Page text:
Writing client-side ES6 with webpack

By Axel Rauschmayer

webpack is a client-side module builder and module loader. This blog post shows you how to write ECMAScript 6 code with it.

The code shown here is on GitHub, in the project webpack-es6-demo.

webpack features

Notable webpack features include:

  • Supported module formats: AMD, CommonJS
    • Via loader (plug-in): ES6
  • Supported package managers: Bower, npm
  • Loaders for non-code: CSS, templates, …
  • On-demand loading (chunked transfer)
  • Built-in development server

Installing webpack

Install webpack:

    npm install -g webpack

Enable support for ECMAScript 6 (via Babel):

  • Per project: npm install babel-loader --save-dev
  • In your home directory: cd $HOME ; npm install babel-loader
  • Globally: npm install -g babel-loader

Using webpack and ES6 in a project

The demo project webpack-es6-demo has the following structure:

    webpack-es6-demo/
        es6/
            Point.js
            main.js
        index.html
        webpack.config.js

The following command compiles the ES6 files es6/Point.js and es6/main.js to a file bundle.js:

    webpack --watch

After executing the previous command, you can open index.html in a web browser (directly from the file system if you’d like). index.html runs bundle.js, which means that you get to see what main.js is doing.

In real-world projects, you probably won’t use webpack directly, but via build tools, such as grunt, gulp, etc.

webpack.config.js

This is the configuration file for webpack:

    var path = require('path');
    module.exports = {
        entry: './es6/main.js',
        output: {
            path: __dirname,
            filename: 'bundle.js'
        },
        module: {
            loaders: [
                { test: path.join(__dirname, 'es6'),
                  loader: 'babel-loader' }
            ]
        }
    };

Things work as follows:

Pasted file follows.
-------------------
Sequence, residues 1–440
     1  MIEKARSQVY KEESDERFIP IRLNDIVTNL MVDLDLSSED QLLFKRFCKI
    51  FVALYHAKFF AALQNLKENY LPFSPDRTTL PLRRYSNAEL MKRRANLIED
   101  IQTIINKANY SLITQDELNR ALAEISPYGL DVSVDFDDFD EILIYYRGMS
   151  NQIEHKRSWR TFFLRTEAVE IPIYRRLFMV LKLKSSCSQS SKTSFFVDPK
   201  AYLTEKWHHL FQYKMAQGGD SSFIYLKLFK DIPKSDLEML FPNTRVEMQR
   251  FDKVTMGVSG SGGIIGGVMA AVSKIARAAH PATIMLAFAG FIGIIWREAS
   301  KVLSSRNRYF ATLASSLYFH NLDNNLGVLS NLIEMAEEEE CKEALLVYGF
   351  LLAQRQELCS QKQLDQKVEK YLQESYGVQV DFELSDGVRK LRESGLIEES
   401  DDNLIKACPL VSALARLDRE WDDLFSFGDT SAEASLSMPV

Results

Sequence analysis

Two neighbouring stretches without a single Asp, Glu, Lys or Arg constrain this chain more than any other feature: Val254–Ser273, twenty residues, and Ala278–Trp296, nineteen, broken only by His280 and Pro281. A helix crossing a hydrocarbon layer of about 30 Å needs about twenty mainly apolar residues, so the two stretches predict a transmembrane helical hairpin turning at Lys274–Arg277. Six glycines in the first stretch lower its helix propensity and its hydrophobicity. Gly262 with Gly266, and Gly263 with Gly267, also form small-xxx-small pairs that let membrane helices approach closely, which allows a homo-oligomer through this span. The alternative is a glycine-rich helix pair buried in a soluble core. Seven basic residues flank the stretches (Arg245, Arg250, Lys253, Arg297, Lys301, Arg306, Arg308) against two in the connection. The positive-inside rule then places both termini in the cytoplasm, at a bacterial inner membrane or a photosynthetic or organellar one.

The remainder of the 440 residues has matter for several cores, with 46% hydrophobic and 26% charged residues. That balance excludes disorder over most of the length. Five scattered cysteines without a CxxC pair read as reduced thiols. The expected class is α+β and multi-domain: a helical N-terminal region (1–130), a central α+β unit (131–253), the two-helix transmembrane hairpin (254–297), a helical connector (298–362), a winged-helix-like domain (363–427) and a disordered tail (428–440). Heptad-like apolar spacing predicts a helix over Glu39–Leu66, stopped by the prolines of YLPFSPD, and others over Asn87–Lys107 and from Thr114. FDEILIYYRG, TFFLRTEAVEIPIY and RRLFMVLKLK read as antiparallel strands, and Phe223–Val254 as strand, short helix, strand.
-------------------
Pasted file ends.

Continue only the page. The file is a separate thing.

• Input: is specified via the property entry. This is where the execution of JavaScript code starts.
  • Output: webpack bundles the entry file and everything it depends on into the output file bundle.js (which resides in the same directory as webpack.config.js).
  • Support for ES6: is enabled via a the module loader babel-loader.
    • Property test: specifies what files the loader should be used for.
      • Single test: regular expression or string with an absolute path
      • Multiple tests: array of single tests (logical “and”)

HTML

The HTML file starts JavaScript via the bundle file that was created by webpack.

    <!doctype html>
    <html>
    <head>
        <meta charset="UTF-8">
        <title>webpack ES6 demo</title>
    </head>
    <body>
    <script src="bundle.js"></script>
    </body>
    </html>

ECMAScript 6 code

The following two ECMAScript 6 files were packaged into bundle.js.

main.js:

    import Point from './Point.js';
    var body = document.querySelector('body');
    body.textContent = 'Good point: ' + new Point(1, 23);

Point.js:

    class Point {
        constructor(x, y) {
            this.x = x;
            this.y = y;
        }
        toString() {
            return '('+this.x+','+this.y+')';
        }
    }
    export default Point;

Note that the paths follow Node.js conventions.

Using npm packages

You can install packages via npm and use them from your ES6 code, seamlessly. For example: First install lodash.

    $ mkdir node_modules
    $ npm install lodash

Then use it anywhere in your ES6 code:

    import { zip } from 'lodash';
    console.log(zip(['1', '2'], ['a', 'b']));

Alternatives to webpack

If webpack is not your cup of tea, there are several capable alternatives for writing client-side ES6 code. For example:

webpack, jspm and Browserify can also use Traceur instead of Babel, if you want to.

Source:: 2ality